I agree, of course, that the municipalities are created by the state legislature and have only such powers as the legislature may see fit to give. But we must also agree that this is likewise true of the Commerce Commission, also created by the state legislature. Powers of municipalities and of the Commerce Commission may be given, may be taken away and may be again given at any time the legislature sees fit to do so. I am in complete agreement that prior to the enactment of the Revised Cities and Villages Act the power of municipalities to regulate the speed of trains within their borders had been withdrawn by the legislature having given this power to the Commerce Commission.
But in the Aliotta case the Supreme Court of Illinois held that a statute giving to cities the power to regulate and license barbers and a later statute giving like power to a department of the state must be read in the light of the Revised Cities and Villages Act which again granted to cities the power to regulate barbers, and provided in Section 87-1:
"The provisions of this Act shall be cumulative in effect and if any provision is inconsistent with another provision of this Act or with any other Act not expressly repealed by Section 87-4 it shall be considered as an alternative or additional power and not as a limitation upon any other power granted to or possessed by municipalities. But the provisions of this Act shall not be considered as impairing, altering, modifying, or repealing any of the jurisdiction or powers possessed by any department, board, commission, or officer of the State Government immediately prior to the effective date of this Act."
The court said, 389 Ill. at page 421, 59 N.E.2d at page 831, that "these statutory provisions" negative the theory that the power of the city to regulate barbers had been repealed and held that this provision of the Act, together with the provisions copied from the earlier Cities and Villages Act giving cities the regulatory power over barbers, should "be considered either as an alternative or additional power." After noting that the regulation of barber shops came under the general police power, the court said that it had many times held that a municipality might exercise police powers concurrently with the State and concluded that the city ordinance in the exercise of such concurrent police power was valid.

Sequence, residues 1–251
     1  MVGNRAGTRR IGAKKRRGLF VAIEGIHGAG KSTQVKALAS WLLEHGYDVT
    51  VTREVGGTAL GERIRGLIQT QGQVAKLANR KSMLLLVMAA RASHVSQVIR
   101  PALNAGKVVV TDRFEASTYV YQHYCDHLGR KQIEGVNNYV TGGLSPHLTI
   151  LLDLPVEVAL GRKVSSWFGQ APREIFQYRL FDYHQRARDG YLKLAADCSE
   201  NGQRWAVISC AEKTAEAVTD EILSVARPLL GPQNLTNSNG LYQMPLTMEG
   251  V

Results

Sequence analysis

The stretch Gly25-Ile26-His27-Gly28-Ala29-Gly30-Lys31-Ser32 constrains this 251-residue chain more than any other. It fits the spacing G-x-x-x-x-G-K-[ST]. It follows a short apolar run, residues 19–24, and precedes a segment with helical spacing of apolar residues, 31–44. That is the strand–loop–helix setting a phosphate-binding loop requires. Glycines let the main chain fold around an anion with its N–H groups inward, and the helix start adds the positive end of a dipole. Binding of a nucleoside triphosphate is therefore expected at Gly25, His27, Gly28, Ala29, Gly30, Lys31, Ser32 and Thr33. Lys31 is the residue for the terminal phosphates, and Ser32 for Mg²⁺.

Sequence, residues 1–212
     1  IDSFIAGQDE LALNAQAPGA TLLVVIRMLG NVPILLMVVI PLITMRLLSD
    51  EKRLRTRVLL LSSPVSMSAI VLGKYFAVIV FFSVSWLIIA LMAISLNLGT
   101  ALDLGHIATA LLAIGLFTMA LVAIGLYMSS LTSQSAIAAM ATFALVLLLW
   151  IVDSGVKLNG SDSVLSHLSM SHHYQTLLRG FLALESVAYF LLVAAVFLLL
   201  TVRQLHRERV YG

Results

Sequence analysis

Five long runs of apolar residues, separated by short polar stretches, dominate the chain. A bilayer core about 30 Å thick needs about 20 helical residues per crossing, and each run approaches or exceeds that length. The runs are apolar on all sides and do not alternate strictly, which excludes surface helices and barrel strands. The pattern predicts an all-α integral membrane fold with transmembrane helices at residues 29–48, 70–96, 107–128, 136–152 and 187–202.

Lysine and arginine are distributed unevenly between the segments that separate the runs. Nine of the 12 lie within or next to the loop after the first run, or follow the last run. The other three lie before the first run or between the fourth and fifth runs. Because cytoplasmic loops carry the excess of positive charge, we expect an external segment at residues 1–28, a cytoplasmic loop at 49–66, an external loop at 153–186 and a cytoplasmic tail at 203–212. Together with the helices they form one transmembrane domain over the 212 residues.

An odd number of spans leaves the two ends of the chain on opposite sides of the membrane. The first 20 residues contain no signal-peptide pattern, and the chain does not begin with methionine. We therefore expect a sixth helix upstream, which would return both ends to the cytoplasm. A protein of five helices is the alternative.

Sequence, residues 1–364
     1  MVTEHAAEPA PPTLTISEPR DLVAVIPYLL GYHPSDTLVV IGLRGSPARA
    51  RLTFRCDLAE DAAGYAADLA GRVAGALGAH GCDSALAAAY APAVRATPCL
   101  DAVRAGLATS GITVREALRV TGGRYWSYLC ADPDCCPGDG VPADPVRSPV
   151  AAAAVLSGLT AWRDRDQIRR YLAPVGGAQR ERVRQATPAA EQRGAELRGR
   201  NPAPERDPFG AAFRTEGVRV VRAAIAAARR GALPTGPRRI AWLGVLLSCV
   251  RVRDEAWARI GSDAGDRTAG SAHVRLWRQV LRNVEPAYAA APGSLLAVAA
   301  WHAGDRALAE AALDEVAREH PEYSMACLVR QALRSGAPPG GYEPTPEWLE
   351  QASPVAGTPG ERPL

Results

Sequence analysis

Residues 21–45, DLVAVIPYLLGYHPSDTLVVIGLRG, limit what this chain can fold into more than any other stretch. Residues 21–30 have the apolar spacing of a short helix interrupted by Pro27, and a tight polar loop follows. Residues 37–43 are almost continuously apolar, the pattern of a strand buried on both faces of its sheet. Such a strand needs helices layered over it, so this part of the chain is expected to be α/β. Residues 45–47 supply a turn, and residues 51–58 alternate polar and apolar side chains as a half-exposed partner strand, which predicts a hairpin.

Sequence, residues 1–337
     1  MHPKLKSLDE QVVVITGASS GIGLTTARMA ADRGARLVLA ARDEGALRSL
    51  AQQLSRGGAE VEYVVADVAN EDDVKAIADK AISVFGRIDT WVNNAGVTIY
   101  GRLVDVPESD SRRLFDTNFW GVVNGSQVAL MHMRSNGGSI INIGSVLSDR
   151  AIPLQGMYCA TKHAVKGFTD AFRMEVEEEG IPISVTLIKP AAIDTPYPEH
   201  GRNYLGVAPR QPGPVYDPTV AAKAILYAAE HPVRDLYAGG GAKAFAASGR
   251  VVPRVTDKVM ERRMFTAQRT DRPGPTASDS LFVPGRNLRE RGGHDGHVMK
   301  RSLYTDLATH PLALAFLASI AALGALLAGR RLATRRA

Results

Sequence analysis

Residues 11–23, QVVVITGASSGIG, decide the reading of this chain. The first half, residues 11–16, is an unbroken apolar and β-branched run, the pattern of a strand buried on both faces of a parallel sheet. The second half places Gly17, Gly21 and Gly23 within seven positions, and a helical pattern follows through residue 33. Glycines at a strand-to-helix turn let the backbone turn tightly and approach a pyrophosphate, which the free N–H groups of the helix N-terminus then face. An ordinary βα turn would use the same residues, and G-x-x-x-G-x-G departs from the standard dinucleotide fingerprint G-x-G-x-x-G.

It is true that the Aliotta case involves a different statute (the Barbers Act) which the Illinois Supreme Court had never held to have taken away from the cities their power to regulate barbers, a power which had been granted by an earlier act. There, as here, however, we have the alleged conflict between a broad state statute, giving to a state department certain police powers, and a city ordinance purporting to exercise police powers in the same field by virtue of a statute enacted before the statute giving these powers to the state department.
The reasoning of the cases decided prior to the Revised Cities and Villages Act on the subject of repeal by such a conflict makes it perfectly clear, I think, that had the Barbers Act and the prior conflicting city ordinance been presented to it prior to the Revised Cities and Villages Act, the Supreme Court of Illinois would have held that the prior grant to the cities had been repealed and that the ordinance was invalid. In the Aliotta case the ordinance was saved only by the interpretation by the court of Section 87-1 of the Revised Cities and Villages Act, by the fact that the court, 389 Ill. at page 421, 59 N.E.2d at page 830, "attached and read into it a part thereof that, in case of conflict, the provision in the later act shall be considered either as an alternative or additional power."
The defendant has pointed out that when the Barbers Act was amended in 1947, and again in 1949, the legislature provided, by Section 62, Ch. 16¾, Sec. 14.96, Ill.Rev.Stat. (1951), that nothing in the Act should limit or repeal any power of municipalities over barbers and that there is no such provision as this in the Public Utilities Act. But the amendment of the Barbers Act in 1947 and 1949 could not have influenced the Supreme Court of Illinois in the Aliotta case which was decided in 1945.
We must assume that the second sentence of Section 87-1 of the Revised Cities and Villages Act was also considered by the Supreme Court of Illinois in the Aliotta case, and that the court held that the grant by the state to the municipalities of police power over barbers, to be exercised concurrently with the Department of Registration and Education, did not impair, alter, modify or repeal any of the jurisdiction or powers possessed by that Department.
I think that since the Supreme Court of Illinois has construed the Revised Cities and Villages Act we are bound by that construction regardless of how we might have construed the Act had there been no such prior construction.
We should, therefore, reverse the judgment of the District Court.